Taking on the snowflakes
Claire Fox’s rousing new book digs deep into the genesis of generation snowflake.
In I Find That Offensive, Claire Fox’s pithy, punchy contribution to Biteback’s ‘Provocations’ series, she appeals to the members of ‘generation snowflake’ to cast off their bubble wrap and embrace the liberating responsibilities of adult life.
Fox is not simply having a go at the younger generation, although there is good reason to, from students No Platforming anyone they disagree with, to their obsession with microaggressions. Rather, she wants to know ‘why?’. Why are they taking offence on such an epic scale? Why are they banning people from campus? Why are they are claiming to be ‘triggered’ by words? And to answer these questions, she digs at the roots of youngsters’ fragility, and explores the wider culture of victimhood.
Fox observes, for example, how many young people today acquire a perverse authority through the adoption of an ‘oppressed’ status. The result is that even mild criticism of their beliefs is deemed tantamount to hate speech, which effectively gives the beliefs of the self-proclaimed victims special immunity. Meanwhile, those without sufficient victim status try to compensate by overzealously empathising with acknowledged victim groups in the hope that some of the moral lustre of others’ victimhood will rub off on them.
Victimhood’s high social currency has led to what one blogger describes as the ‘cult of oppression chic’, a situation in which some are actually inventing their victim identities. For example, Fox cites the case of prominent Black Lives Matter campaigner Shaun King, the scourge of white privilege and a self-defined ‘person of colour’. He was disgraced when his own supporters conceded that his birth certificate shows he is white. Then there was the bizarre story of Rachel Dolezal, who built her entire career as an African-American civil-rights activist despite being primarily of European origin.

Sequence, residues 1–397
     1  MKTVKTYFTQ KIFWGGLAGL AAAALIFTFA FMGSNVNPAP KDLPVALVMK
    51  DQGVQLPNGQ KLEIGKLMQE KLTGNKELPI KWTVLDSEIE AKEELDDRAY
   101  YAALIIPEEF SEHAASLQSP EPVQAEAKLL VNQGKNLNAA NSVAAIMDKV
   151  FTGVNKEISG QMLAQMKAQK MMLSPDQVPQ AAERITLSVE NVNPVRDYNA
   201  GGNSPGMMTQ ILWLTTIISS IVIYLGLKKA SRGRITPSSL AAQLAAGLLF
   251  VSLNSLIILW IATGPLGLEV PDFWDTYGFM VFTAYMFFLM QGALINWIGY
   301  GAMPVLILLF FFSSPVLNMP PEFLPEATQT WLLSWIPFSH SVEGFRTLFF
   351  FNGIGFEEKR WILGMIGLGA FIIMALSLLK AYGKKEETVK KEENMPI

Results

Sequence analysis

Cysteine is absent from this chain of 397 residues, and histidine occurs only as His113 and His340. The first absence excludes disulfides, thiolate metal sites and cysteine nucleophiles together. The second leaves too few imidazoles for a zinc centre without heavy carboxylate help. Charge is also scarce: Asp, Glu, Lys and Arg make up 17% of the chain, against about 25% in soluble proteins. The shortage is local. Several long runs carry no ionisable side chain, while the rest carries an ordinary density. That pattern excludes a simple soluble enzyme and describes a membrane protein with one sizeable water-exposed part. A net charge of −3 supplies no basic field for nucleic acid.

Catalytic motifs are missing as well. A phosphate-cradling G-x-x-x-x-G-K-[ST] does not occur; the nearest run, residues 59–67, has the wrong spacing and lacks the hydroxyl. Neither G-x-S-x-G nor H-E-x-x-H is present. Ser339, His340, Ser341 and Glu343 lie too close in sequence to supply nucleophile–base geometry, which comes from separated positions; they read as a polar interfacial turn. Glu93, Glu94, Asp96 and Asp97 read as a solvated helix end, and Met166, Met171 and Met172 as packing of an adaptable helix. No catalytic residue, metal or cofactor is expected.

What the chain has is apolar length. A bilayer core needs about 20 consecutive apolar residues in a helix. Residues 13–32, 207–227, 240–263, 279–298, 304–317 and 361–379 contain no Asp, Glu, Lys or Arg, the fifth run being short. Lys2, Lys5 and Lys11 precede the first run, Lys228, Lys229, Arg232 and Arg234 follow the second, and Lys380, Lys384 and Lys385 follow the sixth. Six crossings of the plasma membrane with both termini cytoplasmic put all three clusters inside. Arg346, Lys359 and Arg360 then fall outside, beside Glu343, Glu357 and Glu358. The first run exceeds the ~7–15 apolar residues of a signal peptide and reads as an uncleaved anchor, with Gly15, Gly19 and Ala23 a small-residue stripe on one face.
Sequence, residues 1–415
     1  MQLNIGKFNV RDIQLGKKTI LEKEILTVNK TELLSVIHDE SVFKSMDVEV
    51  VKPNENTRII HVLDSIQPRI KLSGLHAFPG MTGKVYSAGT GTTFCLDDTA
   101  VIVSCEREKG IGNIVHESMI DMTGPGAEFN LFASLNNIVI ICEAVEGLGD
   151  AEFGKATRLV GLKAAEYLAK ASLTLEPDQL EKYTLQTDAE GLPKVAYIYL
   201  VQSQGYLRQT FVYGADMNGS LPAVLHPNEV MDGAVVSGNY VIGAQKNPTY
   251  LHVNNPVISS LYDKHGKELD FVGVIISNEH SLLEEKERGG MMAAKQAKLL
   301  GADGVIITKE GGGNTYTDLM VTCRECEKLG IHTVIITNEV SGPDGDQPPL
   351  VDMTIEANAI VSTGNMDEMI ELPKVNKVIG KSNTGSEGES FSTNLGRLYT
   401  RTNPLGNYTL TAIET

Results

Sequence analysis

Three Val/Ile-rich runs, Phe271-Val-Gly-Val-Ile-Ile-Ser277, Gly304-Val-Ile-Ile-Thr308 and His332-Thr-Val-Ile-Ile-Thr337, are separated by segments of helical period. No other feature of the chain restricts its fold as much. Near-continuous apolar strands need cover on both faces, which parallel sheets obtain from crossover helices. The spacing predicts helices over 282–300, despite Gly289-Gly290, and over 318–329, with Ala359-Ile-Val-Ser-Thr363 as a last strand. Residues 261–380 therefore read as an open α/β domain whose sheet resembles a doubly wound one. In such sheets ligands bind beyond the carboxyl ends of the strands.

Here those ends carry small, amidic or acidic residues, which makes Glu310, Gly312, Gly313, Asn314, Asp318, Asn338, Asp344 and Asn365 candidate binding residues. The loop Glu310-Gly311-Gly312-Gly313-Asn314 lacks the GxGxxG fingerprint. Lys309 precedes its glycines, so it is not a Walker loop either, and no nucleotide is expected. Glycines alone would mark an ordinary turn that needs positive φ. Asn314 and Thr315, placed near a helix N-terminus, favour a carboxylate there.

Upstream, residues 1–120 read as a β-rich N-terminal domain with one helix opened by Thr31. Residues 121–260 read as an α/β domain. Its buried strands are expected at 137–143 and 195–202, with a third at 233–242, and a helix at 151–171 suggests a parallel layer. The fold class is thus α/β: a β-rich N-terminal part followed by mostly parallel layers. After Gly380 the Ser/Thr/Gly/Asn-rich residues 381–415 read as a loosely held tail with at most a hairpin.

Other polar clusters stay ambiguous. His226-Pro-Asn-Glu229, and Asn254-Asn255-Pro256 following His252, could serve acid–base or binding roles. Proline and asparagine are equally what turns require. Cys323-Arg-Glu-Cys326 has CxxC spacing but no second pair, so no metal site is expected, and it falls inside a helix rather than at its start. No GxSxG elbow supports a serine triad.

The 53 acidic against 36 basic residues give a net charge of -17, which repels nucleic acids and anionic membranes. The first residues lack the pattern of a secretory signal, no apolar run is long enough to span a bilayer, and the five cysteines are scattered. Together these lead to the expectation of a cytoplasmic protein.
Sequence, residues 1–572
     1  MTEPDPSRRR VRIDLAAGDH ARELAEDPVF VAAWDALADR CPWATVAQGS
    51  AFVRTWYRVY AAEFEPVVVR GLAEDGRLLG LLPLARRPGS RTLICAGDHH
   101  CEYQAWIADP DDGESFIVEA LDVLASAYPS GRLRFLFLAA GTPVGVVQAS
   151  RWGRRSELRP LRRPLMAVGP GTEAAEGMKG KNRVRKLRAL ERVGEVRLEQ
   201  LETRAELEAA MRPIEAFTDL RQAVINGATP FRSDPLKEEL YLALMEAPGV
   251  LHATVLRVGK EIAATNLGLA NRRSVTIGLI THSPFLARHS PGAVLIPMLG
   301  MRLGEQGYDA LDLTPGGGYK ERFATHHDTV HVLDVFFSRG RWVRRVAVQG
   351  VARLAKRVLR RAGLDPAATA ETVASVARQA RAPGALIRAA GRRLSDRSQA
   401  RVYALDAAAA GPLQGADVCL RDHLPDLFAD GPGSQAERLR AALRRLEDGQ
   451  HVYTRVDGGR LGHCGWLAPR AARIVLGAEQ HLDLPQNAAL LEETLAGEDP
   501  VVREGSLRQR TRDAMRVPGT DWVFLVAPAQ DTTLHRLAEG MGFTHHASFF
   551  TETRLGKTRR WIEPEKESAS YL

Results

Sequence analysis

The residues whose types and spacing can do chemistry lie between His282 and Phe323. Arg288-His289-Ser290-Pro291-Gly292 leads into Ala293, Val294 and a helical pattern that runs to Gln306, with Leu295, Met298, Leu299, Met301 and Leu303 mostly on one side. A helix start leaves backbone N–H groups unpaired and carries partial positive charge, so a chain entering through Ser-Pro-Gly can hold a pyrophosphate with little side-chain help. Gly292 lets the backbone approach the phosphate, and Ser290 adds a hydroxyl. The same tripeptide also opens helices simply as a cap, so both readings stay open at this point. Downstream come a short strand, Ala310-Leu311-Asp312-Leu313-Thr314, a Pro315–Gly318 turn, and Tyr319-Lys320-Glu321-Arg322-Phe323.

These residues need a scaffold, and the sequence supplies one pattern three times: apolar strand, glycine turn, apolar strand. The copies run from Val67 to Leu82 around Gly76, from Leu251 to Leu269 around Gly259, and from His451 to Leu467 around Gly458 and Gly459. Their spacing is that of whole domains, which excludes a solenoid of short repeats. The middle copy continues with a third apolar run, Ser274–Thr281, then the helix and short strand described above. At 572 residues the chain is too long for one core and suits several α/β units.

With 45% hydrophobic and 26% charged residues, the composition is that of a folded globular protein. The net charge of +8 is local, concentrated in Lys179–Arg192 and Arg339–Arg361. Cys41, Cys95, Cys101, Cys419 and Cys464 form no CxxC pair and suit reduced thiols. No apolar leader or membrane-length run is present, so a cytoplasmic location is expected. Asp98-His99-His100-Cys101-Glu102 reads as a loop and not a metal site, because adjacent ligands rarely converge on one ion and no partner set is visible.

So who is to blame for generation snowflake, in all its victimhood-seeking, offence-taking inglory? Fox fingers us, its elders. We have socialised these youngsters in a culture of health and safety, in which we catastrophise life’s challenges and obsess about health scares and child protection. And it’s this overprotection of children, their immersion in our risk-averse culture, in which we now see threats and suspect abuse everywhere, argues Fox, that has blurred the line between physical and psychological harm.
Until very recently, liberals followed 19th-century philosopher John Stuart Mill’s definition of ‘mental harm’. He defined it as anything that impairs an individual’s development, for example, depriving children of an education. He also understood harm as something that happens against our will.
For Mill, then, offensive words or sentiments would not have qualified as causes of ‘mental harm’. For example, when we find someone offensive we can avoid them and continue our lives unimpaired. As for today’s claim that we are harmed by the mere existence of people who live in ways of which we disapprove, Mill’s response is that not being offended is less important than not being physically injured, detained, or criminally deceived. Fox urges her readers to get back to this more robust understanding of harm – a definition that leaves room for legitimate parental discipline and proper academic pressure.